Jamie Dimon: The Good Cop in a Bad Mood
By Michael Corkery WSJ
JP Morgan CEO James Dimon hates being compared with cross-town rival Goldman Sachs CEO Lloyd Blankfein. Well, when it comes to the two men’s political strategies, there is no comparison.
Lately, Blankfein has been playing Wall Street’s good cop, while Dimon is the bad cop. (Or at least Dimon is a good cop in a bad mood.)
Dimon, one of Washington’s biggest boosters during the financial crisis, has grown increasingly frustrated with Washington, according to this Page One Wall Street Journal article.
Take lobbying. JP Morgan spent $6.2 million last year on lobbying Washington lawmakers in an effort to fend off such proposed measures as the consumer protection agency.
Goldman spent less than half that amount, or $2.8 million, on lobbying in 2009, according to federal lobbying records.
Of course, one could argue that Goldman has less to lose from the current financial overhaul proposal grinding its way through Washington. The so-called Volcker Rule, which would have restricted proprietary trading at bank holding companies, is all but dead.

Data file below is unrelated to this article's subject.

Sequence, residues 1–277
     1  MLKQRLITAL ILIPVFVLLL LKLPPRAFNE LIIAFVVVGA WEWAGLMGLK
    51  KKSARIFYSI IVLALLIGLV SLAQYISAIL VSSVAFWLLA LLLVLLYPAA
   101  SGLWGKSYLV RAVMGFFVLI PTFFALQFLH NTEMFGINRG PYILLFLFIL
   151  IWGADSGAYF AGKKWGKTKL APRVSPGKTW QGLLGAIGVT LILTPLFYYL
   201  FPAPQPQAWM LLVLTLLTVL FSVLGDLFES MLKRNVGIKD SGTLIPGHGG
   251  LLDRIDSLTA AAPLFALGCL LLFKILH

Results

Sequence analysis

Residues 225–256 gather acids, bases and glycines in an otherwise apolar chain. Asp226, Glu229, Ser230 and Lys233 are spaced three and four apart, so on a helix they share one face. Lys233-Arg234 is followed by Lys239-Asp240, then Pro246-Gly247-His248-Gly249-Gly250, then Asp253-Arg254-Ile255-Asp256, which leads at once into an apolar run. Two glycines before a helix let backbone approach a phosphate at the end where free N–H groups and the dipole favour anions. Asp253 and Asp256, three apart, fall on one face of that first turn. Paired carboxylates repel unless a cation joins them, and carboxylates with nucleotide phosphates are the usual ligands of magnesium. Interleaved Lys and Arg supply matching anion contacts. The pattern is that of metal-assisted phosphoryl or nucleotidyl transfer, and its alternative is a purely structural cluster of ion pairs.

In addition, Goldman lacks a consumer lending business and so avoids the restrictions that JP Morgan finds so onerous about the consumer protection agency.
Then, there is the two CEOs’ general demeanor. Dimon, as reported in today’s Journal article, is unhappy that large banks like his have been “demonized” in the “current political environment.”
He’s communicated his displeasure privately to the Obama administration and publicly in a 36-page shareholder letter, released last week.
At the same time, Dimon voices his support for a range of overhual measure such as ending “too big to fail.’’ But he stresses that his support for the administration financial overhaul proposal is not unconditional.
“While we support the general principles behind enhanced regulation of derivatives, securitizations and enhanced consumer protections, we do not support each and every part of what is being recommended. The devil is in the details, and it is critical that the reforms actually provide the important safeguards without unnecessarily disrupting the health of the overall financial system.”
Blankfein takes a more succinct tone in his eight page shareholder letter, stating simply:
“Goldman Sachs has pledged to remain a constructive voice and participant in the process of reform, and has been forthcoming in recognizing lessons learned and mistakes made,” Blankfein writes. Specifically, he supports higher capital levels and clearinghouses for standardized derivatives.
Washington, it seems, has a new BFF in Blankfein.